Leading a Team Through Seismic Change

Leading a Team Through Seismic Change

Blog 02 Apr 2020 . Brianna Kerr
Paulina Sarecka
Delivery Center Operations Manager

As a result of the global COVID-19 pandemic, employees have been displaced from their traditional office locations to work remotely in an effort to practice social distancing.  For some, this is a new way of working.  For others, it’s an adjustment working from home alongside partners, children, and housemates. 

Adjusting to Change

As manager of Pontoon’s Krakow Customer hub, I have daily responsibility for over 100 people. Our daily interactions in the office, whether a catch up over a coffee or more formal team meetings all make up valuable pieces of a people management process.

But “office life” as we know it has changed for the time being and we can no longer rely on all the previously known comforts of normal work life that we unknowingly took for granted.

Maintain Momentum

We now find ourselves embarking on a change management process to adjust to this new situation. In doing so, here are some of the things I have found most helpful when transitioning to managing people remotely:

  • Daily huddles – as a business we use PERFORM methodology and hold short meetings every day to talk about our mood, performance, and plans for the day. My team has found it beneficial to continue these huddles remotely via use video chat. The outcome is strong and consistent communication among my team which keeps morale high, regular updates on each team members’ individual progress and the bonus of showing off each person’s home work spaces.
  • Use online document repositories – this is a central place where everyone can view and edit documents keeps everyone informed and updated and cuts down on the amount of email traffic. This enables our team to collaborate in real time even though we are geographically dispersed.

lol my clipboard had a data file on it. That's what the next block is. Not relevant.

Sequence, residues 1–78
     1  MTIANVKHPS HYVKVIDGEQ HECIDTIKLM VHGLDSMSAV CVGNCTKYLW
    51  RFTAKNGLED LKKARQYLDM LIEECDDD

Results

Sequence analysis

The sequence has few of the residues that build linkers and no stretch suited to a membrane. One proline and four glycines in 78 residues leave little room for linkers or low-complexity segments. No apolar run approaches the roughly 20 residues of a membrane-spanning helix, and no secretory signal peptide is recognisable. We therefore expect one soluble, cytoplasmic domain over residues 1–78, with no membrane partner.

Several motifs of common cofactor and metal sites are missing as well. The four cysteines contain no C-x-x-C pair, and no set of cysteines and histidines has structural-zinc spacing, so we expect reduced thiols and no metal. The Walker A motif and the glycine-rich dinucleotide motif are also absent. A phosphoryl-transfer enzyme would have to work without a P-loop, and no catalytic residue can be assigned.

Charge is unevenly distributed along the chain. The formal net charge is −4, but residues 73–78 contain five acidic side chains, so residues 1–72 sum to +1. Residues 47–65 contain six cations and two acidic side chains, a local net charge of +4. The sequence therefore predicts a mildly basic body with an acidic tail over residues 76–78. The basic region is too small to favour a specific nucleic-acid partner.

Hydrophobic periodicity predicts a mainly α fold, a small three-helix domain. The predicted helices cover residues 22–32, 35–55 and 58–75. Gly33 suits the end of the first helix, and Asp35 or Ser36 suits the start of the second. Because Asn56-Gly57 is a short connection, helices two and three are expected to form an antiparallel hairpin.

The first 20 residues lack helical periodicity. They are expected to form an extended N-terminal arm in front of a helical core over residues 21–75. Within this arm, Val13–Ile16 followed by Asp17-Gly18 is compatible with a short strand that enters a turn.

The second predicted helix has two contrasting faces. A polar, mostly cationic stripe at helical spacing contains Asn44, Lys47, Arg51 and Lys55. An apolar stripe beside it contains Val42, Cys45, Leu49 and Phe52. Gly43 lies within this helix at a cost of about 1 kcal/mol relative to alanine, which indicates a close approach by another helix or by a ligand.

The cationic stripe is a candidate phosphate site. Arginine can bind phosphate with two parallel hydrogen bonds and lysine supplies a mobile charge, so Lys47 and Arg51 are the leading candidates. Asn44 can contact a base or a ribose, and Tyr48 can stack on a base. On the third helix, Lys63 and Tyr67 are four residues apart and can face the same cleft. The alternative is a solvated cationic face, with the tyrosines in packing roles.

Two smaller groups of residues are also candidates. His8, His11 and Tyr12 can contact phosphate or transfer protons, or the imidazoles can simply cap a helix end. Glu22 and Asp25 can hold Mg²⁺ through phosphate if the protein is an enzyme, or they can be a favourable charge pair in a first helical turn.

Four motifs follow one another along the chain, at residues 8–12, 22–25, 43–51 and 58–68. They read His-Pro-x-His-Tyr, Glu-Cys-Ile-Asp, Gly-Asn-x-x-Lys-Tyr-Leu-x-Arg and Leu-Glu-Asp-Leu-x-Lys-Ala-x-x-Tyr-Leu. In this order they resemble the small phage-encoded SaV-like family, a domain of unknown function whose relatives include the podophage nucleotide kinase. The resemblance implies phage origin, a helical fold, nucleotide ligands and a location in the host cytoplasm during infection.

• Keep your virtual door open – an email feels more invasive to somebody’s time than grabbing them with a question at the water cooler. In a remote working environment, some team members might hold back with questions or not ask for help. I make sure I’m always available for my team via email, chat or video should they need me, and we make sure to connect regularly both in groups and to individuals.
  • Team events – Create your own coffee and lunch breaks and even after work drinks with a video chat tool. These help with team bonding and allows more casual conversations to let off steam during uncertain times.
  • Shout about great work – it’s difficult acknowledge collaboration when working remotely as team work is not as immediately visible. We use an online recognition program to reward team members helping keep the environment positive.
  • Empathise – everyone is adapting. I have been in lock down with my husband and a 3 year old for three weeks as many others have been as well and I’m the first to say it has been tough. Sharing about our experience has been a great outlet for my team and I, even if my toddler sits in on video calls. We can shows each other that we’re all human and doing the best we can.

I am proud to work for an organization that has been agile and quick in the response this crisis and proud to have a team people around me who have adapted to the situation brilliantly, not letting this challenge affect productivity or team spirit.

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